What I learned: So was it worth it? You bet! I’m glad I did it, not just for the accomplishment but because of all that I learned in the process. Tolstoy had a lot to say about the causes of war, the forces that move nations, and the role of leadership in history. I also learned some new vocabulary words like cunctator (procrastinator) and excrescences (nodules or growths) and contumely (insolent or insulting language or conduct).

Maintain a Blog

Well, here you are! I had already typed up 40 pages of entries from my hand-written 2007-2017 journals, so I just started there—picking out topics that seemed relevant to this journey called life. And, yes, the over-arching theme I discovered was my pursuit to find inner peace.

What I’ve learned: Some people actually read this stuff. Astonishing!

Lose 15 Pounds

Stretch appI have an inherited blood sugar issue, so the thought of food reduction makes me nervous. Everyone has his or her own pet weight loss plan, but this is what worked for me. I downloaded the app “Lose it” and set my goal to shed 15 pounds at the rate of one pound a week. I loved how easy it was to keep track of what I was eating. Will I set a new goal? I’m not sure yet. Who gets to decide what’s a healthy weight for my age and gender? I feel better, and that’s what counts. The downside, for someone like me who hates clothes shopping, is I had to buy all new pants.

What I learned: Cheating on the app doesn’t help. It’s what you’re actually doing that counts. And drink, drink, drink. My goal was 64 oz. per day. Ugh. But it really and truly made all the difference in my success.

Play Golf

Stretch golfNotice I didn’t say, “Learn to play golf.” Anyone who knows my husband Scott knows that he was born with a golf club in his hand (his grandmother was a Canadian golf champion). Early in our marriage, Scott begged me to join him on the golf course, but my golfing career ended before it got started. The day I relented we were on the second hole when I got a call from the elementary school saying I needed to pick up a sick child. That was the end of that! But when my excuses finally wore themselves out (no money, too busy raising kids, no aptitude, arthritis pain), my sister-in-law gave me her old clubs, Scott bought me a golf bag for Christmas (oh goody) and signed me up for golf lessons with a pro. Thanks, Honey (okay, so there’s a tiny bit of sarcasm attached). My initial goal was not to learn to play golf but to simply spend time with my husband.

What I learned: When I started hitting that little round sphere well enough for it to go up in the air and forward instead of dribble, dribble, dribble, it actually started to get fun. I love being outdoors, so that is a bonus. Oh, and don’t let your husband give you lessons. Just don’t.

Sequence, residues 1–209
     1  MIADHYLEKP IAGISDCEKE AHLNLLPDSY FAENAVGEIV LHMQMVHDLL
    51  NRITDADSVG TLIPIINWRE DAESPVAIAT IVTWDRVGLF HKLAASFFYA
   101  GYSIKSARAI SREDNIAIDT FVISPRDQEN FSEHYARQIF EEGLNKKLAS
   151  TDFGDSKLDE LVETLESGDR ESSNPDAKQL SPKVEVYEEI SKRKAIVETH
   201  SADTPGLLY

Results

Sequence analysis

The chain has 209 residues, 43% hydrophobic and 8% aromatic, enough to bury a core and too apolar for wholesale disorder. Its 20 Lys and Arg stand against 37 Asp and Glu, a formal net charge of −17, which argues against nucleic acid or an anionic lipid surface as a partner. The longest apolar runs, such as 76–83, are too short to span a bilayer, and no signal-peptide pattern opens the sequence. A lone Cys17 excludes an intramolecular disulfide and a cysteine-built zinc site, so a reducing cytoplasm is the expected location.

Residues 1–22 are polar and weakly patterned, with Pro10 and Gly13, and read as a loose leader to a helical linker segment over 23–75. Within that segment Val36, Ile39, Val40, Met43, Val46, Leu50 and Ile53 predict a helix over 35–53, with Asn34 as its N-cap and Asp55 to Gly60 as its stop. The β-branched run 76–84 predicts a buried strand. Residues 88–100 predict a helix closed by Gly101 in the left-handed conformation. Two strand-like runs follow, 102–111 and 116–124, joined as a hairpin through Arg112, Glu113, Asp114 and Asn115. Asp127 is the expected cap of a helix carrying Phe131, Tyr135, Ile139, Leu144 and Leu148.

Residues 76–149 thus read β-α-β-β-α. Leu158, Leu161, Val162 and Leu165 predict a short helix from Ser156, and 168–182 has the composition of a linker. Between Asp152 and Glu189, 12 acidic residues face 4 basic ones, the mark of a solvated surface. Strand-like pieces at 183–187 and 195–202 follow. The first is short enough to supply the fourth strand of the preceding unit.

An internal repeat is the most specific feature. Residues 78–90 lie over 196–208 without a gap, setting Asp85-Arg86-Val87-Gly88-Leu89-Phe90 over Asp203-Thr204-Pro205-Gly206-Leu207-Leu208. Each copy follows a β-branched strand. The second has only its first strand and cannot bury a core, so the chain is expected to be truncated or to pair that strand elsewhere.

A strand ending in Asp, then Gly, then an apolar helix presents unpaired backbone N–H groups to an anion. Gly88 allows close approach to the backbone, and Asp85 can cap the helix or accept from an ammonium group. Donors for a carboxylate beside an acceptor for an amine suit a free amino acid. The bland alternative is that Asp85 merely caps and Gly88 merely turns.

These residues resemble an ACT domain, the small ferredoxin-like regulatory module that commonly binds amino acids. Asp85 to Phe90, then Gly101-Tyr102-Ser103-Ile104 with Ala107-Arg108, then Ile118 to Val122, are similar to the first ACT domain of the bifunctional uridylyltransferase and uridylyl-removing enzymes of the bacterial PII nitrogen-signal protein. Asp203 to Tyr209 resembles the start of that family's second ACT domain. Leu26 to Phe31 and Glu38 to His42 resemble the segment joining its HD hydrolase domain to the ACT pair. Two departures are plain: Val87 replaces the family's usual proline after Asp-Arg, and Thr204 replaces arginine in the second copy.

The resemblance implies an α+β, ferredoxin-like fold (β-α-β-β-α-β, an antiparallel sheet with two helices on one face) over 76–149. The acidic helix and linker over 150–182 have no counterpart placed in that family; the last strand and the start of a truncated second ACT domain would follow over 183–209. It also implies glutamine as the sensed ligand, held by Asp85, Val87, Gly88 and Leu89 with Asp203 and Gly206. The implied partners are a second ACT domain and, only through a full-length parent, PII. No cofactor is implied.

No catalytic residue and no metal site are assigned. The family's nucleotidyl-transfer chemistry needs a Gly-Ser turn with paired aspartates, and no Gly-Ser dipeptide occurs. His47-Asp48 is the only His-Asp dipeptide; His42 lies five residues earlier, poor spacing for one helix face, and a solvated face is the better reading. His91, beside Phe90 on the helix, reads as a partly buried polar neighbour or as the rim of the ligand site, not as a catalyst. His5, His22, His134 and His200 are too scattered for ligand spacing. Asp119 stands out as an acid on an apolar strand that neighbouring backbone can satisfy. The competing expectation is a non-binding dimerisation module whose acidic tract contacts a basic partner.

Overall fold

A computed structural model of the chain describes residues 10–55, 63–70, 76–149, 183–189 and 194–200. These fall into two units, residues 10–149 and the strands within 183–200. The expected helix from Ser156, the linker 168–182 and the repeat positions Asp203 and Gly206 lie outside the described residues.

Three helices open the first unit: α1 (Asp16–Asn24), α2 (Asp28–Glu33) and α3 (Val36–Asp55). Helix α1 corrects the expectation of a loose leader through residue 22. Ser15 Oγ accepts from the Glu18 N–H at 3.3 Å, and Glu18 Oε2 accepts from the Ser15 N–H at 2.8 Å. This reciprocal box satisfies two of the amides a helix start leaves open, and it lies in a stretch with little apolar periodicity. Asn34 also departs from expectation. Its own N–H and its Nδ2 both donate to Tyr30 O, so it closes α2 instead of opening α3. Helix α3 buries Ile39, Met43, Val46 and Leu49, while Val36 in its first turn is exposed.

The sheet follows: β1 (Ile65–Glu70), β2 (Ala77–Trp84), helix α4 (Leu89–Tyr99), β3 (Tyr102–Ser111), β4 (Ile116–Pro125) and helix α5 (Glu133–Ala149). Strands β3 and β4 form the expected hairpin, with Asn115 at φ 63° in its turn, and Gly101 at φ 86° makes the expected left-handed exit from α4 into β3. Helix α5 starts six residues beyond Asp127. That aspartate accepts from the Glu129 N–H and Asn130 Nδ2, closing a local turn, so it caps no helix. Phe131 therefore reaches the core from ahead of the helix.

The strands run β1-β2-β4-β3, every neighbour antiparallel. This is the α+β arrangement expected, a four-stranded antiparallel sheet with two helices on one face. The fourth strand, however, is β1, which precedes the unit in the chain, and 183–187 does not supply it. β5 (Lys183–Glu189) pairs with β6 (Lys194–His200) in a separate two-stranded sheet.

Listen to the Beatles

As a sheltered child of missionary parents whose sole musical exposure in Africa was church hymns and Gilbert and Sullivan (my mother’s favorite record), I shunned all things that smacked of rebellion when we came to the States. Listening to the Beatles was off-limits. Unable to converse with the music lovers in my family, however, I decided it was time to educate myself. I grabbed a biography from the library and learned all about quiffs, skiffle, winkle-pickers, and twat ‘ats. (If you don’t know what those are either, I’ll feel vindicated in my ignorance.) And then I listened to about as much music as I could take from a group that lived for sex, drugs, money, and creating new sounds.

What I learned: Just about everything, since I knew nothing. But what I learned confirmed why I’m still not a fan.

Biggest Surprises: The song “Ob la di, ob la da” [which I’d heard but didn’t realize was a Beatles’ song] meaning “Life goes on” was a phrase Paul McCartney heard from a Nigerian friend in London!

I also discovered that one of the first Beatles’ songs was a ditty we sang as children—“My Bonnie Lies Over the Ocean.” Who knew!

Do Some Brain Exercises

After reading The Organized Mind—Thinking Straight in the Age of Information Overload, by Daniel J. Levitin, I was challenged to download an app called BrainHQ (from Posit Science) that provides daily exercises to improve one’s brain. By December I was tired of setting goals and keeping them, so there was no “daily” about this! I thought about purchasing the full version, but I knew I’d never take the time to make this a priority. As an alternative, I considered learning to understand American football, but I couldn’t muster up enough interest to follow through with it.

What I learned: How can one measure if one’s brain capacity has increased? I’ll have to take the experts’ word for it. I think it’s now time to give my brain a rest!

Now it’s your turn. Did you have a Word for the Year? How did yours turn out?